Christian 'Origins' Expert Promotes Evolution at Texas Universities

One of the world's most prominent Christian Darwinians spoke at two Texas universities this week, making a case for both evolution and theology.

Dr. Simon Conway Morris, a British paleontologist and professor of evolutionary paleobiology at Cambridge University, addressed faculty and students at Texas A&M and Baylor University on Monday and Tuesday, respectively, while visiting the state to receive the world-renowned Trotter Prize.

While in front of his audiences, the British scholar tried to emphasize the value of both science and religion, and how they are indeed compatible.

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"There is no reason an evolutionary biologist could not subscribe to something transcendent," explained Morris to the Baylor Lariat, Baylor University's student newspaper. "It would be a mistake to assume that all scientists are materialists, and they are not."

Before stopping by Baylor, Morris visited Texas A&M, located about 100 miles north of Houston in College Station, Texas, where he was honored with the Trotter Prize for his outstanding academic work and research. The award is given to those that have excelled in "origins" studies – such as the origin of life, the origin of the universe, or even the origin of human consciousness.

Morris is best known for his work on the Cambrian explosion, a period of time where life began to multiply rapidly and "explode." He has done extensive research on the fossil record during this time to build up knowledge on the era, especially by looking at the Burgess Shale fossil fauna and similar deposits in China and Greenland.

Although the results of his research rely on evolutionary knowledge, he has stressed the importance of religion in the past.

In one of his most famous quotes, he explained, "It seldom seems to strike the ultra-Darwinists that theology might have its own richness and subtleties, and might – strange thought – actually tell us things about the world that are not only to our real advantage, but will never be revealed by science."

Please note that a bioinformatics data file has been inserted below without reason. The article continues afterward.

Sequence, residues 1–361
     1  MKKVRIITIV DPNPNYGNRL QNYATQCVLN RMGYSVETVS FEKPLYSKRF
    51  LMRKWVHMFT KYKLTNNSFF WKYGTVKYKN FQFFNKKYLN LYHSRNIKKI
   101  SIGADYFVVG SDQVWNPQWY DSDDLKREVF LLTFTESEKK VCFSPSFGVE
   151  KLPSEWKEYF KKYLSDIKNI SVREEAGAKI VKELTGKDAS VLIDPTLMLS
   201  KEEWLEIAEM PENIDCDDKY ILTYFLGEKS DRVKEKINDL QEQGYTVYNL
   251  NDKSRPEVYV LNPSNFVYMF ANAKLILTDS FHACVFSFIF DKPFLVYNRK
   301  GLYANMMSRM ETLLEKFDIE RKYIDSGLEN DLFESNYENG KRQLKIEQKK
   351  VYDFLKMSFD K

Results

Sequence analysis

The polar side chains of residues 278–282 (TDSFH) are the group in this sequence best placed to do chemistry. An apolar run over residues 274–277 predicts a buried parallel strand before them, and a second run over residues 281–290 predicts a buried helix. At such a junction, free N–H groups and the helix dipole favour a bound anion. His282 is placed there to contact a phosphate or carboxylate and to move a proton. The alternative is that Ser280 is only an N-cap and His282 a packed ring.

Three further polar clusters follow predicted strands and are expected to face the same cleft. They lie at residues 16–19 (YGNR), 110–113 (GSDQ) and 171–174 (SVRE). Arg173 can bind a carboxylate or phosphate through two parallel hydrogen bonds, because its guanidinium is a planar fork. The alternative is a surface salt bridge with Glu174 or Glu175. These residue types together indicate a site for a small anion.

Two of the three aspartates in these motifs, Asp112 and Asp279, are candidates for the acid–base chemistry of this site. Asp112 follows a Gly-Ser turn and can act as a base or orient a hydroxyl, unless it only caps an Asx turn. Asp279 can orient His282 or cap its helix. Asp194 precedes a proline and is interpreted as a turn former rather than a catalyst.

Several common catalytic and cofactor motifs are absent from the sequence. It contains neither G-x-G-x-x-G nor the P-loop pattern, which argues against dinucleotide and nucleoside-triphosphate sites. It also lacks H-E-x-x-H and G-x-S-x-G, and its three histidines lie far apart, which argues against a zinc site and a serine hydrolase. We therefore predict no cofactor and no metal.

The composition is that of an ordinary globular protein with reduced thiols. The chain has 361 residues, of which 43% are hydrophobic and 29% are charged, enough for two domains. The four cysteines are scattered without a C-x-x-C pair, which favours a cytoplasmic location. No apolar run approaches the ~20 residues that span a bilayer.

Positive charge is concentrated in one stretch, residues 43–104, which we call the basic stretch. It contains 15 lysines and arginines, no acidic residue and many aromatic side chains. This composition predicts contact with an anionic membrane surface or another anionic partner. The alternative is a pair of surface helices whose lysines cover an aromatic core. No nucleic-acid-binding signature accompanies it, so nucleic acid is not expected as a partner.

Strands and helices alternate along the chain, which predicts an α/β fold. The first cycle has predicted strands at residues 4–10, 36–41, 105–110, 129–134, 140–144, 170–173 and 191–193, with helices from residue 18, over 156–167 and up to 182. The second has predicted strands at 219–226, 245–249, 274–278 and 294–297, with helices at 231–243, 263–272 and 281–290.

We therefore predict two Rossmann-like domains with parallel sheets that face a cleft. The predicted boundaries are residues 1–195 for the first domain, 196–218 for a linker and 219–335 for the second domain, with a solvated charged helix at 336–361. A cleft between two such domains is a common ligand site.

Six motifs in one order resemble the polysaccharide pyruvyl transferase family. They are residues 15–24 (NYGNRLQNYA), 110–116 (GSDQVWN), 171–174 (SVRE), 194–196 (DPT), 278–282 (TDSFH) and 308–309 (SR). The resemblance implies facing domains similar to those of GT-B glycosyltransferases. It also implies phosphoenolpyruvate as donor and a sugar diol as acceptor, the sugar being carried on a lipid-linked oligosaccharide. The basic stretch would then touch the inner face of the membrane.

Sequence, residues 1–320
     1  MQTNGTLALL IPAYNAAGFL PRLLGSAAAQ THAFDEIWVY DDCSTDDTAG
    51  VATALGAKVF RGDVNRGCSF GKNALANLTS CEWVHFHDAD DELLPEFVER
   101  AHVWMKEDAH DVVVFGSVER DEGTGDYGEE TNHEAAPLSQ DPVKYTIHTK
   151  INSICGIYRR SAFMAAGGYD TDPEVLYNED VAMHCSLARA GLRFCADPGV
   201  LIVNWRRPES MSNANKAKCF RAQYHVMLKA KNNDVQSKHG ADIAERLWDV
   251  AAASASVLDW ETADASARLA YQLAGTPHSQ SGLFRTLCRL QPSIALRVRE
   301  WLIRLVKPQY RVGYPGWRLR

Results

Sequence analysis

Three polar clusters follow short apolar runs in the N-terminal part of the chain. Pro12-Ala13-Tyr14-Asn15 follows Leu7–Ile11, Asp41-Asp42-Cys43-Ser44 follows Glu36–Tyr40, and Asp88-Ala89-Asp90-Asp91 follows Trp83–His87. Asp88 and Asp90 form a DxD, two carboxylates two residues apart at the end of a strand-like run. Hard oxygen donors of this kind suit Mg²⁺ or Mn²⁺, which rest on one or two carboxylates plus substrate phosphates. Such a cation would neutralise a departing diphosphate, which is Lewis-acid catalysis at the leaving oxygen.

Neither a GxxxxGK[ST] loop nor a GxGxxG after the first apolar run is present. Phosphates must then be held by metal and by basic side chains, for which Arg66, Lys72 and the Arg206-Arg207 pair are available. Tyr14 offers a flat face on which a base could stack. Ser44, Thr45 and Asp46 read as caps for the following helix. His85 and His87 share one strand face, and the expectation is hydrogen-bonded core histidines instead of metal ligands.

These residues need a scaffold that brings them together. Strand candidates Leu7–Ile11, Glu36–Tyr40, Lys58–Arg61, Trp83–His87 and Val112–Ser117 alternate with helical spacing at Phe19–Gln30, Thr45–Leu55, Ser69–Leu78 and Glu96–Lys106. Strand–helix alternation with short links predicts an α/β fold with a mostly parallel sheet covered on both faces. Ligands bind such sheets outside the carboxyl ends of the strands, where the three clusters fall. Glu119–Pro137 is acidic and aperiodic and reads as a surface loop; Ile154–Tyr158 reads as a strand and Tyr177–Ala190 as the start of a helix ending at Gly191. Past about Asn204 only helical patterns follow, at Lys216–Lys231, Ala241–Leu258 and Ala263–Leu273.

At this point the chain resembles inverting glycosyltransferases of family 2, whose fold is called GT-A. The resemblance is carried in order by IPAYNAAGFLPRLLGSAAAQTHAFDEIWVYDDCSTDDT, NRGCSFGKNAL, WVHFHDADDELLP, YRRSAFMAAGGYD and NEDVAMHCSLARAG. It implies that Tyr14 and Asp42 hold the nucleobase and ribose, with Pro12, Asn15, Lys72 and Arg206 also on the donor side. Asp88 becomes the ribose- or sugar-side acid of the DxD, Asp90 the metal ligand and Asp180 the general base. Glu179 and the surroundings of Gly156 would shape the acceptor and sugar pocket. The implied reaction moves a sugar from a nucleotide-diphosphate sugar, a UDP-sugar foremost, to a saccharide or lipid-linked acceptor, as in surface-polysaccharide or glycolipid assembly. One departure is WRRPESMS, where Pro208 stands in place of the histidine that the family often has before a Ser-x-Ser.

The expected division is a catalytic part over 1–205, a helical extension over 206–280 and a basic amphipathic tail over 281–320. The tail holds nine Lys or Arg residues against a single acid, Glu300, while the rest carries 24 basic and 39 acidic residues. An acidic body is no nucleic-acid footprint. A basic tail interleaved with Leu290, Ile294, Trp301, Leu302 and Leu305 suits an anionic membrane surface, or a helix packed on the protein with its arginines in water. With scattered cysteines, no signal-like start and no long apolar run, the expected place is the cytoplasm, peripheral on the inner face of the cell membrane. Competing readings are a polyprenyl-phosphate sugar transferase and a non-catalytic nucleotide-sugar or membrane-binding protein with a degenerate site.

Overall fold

After receiving the award and making a presentation at Texas A&M, the evolutionist was invited to speak at Baylor University in Waco, Texas, the next day by Dr. Walter Bradley, professor of engineering at Baylor and member of the selection committee for the Trotter Prize.

While at the school, Morris presented a lecture entitled "Darwin's Compass: How Evolution Discovers the Song of Creation." In it, the "origins" expert made sure to cite the evidence in favor of evolution over intelligent design – a theory that argues life is a result of an ultimate "designer" – which he disagrees with.

"It has nothing to do with intelligent design at all," said Morris to the Baylor Lariatt. "It's arguing that the selectionality of evolution as set out by Darwin is not as restrictive as considered by our colleagues ... which is almost completely determinate."

The British professor does think that evolution is not completely random, however. If one could imagine evolution beginning all over again, he believes that human intelligence would arise again, rather than by chance.

Morris has authored two influential books in his career: The Crucible of Creation: The Burgess Shale and the Rise of Animals (1998) and Life's Solution: Inevitable Humans in a Lonely Universe (2003).

In another of his famous past quotes, he concluded, "It is the knowledge and experience of the Incarnation, the wisdom and warnings given by Jesus in the Gospels, and not least the Resurrection that in the final analysis are all that matters."

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